By David Pugliese

Ottawa Citizen

The end of January has come and gone without the promised sea/ship trials for the new Canadian Forces Cyclone maritime helicopter.

“We’re still working out the details with Sikorsky,” Lianne LeBel said Tuesday in an interview with Defence Watch. “They’ll (the tests) start imminently.”

The sea trials should have been completed more than 20 months ago, according to the delivery schedule contracted with Sikorsky in 2004.

Public Works and Government Services spokeswoman Tricia Van der Grient had early said that the sea trials would be taking place in the new year, before the end of January. That followed claims in November by Defence Minister Peter MacKay in the fall that the first Cyclone would soon arrive in Canada.

LeBel said the tests for the Cyclone are not related to “compliance testing” of the helicopters.

“It’s to see how it (the helicopter) will fit on the ships,” she added.

But LeBel could not provide more specific details about the tests, adding that more information will be released later.

Sources tell Defence Watch that part of the delay is because of the planning for a “media event” to unveil the arrival of the helicopter in Canada. That is to offset the negative publicity and numerous delays that has dogged the troubled multi-billion project. It is still unclear whether the media event will go ahead, according to sources.

After the sea trials and completion of other flight testing to verify compliance, Sikorsky is required to start the delivery of the Interim Maritime Helicopter (IMH) in November 2010 as per the contract, according to Public Works.

After many denials, the government announced in December 2008 that the $5 billion project was not going to make its original delivery deadlines and that it would cost taxpayers more than originally expected.

Little additional information has been released on the troubled project, sparking concerns about further cost overruns and more delays. The ongoing secrecy has also raised issues about a lack of public accountability concerning the money being spent.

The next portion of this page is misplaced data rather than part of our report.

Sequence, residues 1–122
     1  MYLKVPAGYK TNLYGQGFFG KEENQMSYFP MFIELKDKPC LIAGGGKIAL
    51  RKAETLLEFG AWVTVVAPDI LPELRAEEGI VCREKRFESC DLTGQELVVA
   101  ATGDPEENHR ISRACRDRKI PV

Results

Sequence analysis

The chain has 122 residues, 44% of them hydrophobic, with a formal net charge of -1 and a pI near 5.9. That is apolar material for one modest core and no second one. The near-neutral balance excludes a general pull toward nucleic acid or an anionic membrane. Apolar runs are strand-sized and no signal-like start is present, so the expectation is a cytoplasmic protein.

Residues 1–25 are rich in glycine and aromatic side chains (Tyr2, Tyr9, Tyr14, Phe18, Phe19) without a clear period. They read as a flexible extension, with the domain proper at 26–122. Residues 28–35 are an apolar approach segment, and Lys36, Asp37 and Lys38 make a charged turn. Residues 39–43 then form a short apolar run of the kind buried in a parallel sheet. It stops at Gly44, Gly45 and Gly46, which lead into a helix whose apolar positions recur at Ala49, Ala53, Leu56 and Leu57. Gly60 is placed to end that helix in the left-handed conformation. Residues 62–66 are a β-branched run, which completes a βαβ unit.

Members of DND’s helicopter project office have repeatedly declined interview requests. Van der Grient also confirmed PWGC does “not grant interviews on this issue.”

Sikorsky still has not responded to a Defence Watch request for comment made months ago.

The first Cyclone helicopter was originally supposed to be delivered in November 2008 but that never happened.

Because of that delay, Sikorsky faced financial penalties of up to $89 million but that was set aside by the Harper government. Little explanation has been provided on why penalties that could have been imposed were not.

In January 2008 MacKay brought up the penalties after news reports suggested Sikorsky would fail to deliver the aircraft on time. He suggested they would be a deterrent to Sikorsky. “There are penalties and clauses that will kick in,” he warned.

The first 19 helicopters delivered to the Canadian Forces will be designated as Interim Maritime Helicopters (IMH). These IMH aircraft will be fully functional and able to conduct testing and evaluation and training for MH maintenance and air crews, yet will not be fully compliant with the delivery contract, according to DND. Delivery of the first fully capable MH aircraft that meets all contract specifications will be in June 2012, at which point the previous IMH aircraft will then be retrofitted.


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